SAN DIEGO – Despite the rise of technology and growing demands to engage with clients on social media, one expert warns that too much multitasking could end in trouble.

“Technology can make us forget what we know about life, including what we know about our professional life,” said Sherry Turkle, the founder and director of MIT’s initiative on technology and self, said at the IMCA 2017 Annual Conference Experience in San Diego. “We can forget the importance of having time to collect ourselves and think.”

“Unitasking is the way of the future because it’s the only thing that’s working,” said Sherry Turkle, the founder and director of MIT’s initiative on technology and self.

For advisers, listening is an important part of the job. So it’s vital for firms to ensure its technology doesn’t prohibit advisers from having the necessary conversations with clients — even if advisers are confident utilizing it, Turkle says.

"There is no such thing as multitasking successfully. If you think you've really been multitasking, you’re kidding yourself," she said. “Unitasking is the way of the future because it’s the only thing that’s working. Teach your colleagues how to do one thing at a time and you will be part of the future; not the past.”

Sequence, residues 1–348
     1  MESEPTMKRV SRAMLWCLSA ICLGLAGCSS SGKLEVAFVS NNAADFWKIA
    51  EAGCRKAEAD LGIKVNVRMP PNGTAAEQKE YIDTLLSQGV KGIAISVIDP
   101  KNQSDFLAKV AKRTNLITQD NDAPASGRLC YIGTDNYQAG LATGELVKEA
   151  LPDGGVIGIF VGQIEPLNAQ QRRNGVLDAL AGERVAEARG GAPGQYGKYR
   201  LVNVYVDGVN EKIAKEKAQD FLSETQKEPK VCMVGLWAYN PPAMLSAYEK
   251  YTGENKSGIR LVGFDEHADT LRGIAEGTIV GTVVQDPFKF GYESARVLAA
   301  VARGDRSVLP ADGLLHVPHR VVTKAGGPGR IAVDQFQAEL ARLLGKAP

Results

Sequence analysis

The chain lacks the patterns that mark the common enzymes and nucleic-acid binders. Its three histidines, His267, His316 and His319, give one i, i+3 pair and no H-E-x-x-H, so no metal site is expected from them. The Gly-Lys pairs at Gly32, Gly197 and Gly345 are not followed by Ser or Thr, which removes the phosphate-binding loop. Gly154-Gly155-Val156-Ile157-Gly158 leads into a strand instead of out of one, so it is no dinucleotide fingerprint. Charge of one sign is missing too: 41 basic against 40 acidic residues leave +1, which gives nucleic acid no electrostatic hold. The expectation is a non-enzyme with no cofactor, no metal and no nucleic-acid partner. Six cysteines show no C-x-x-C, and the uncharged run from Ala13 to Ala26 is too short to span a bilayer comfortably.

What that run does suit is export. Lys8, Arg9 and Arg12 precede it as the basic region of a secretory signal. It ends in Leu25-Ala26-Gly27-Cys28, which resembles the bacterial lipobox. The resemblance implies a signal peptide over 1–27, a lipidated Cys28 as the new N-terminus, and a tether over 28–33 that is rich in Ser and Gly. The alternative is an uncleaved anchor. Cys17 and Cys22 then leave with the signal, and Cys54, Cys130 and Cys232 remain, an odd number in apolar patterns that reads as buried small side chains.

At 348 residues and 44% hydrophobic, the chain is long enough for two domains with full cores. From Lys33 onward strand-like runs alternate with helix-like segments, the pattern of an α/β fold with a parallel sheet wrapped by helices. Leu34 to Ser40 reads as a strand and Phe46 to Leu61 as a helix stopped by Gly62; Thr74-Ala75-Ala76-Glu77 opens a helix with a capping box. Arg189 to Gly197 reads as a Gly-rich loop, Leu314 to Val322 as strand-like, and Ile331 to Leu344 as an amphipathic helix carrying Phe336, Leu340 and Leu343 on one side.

THE BUSINESS OF PERFECTION
Similar to the way doctors are viewed by their patients, Turkle says advisers have the same expectation from their clients to be flawless. She has experienced this in her own professional life as well.

“I felt that that burden of never making a mistake, or always being perfect made it very hard to have an authentic relationship,” she said. “You have to manage a very complex psychological relationship.”

To have a deeper and more meaningful relationship, advisers should be explicit about the things they are actually doing for their clients, Turkle says.

To be sure, conversation is ultimately a two-way street. And there are simple ways to assure clients come equally prepared to have open conversations. That can start by simply asking clients to rely less on technology themselves.

"Ask clients to just put the phones away," Turkle said. "It will increase the value of the conversation."

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Maddy Perkins

Maddy Perkins

Maddy Perkins is the Assistant Managing Editor for Financial Planning, Bank Investment Consultant and On Wall Street.
Andrew Shilling

Andrew Shilling

Andrew Shilling is an associate editor for Financial Planning, Bank Investment Consultant, On Wall Street and Money Management Executive. Follow him on Twitter at @AndrewWShilling.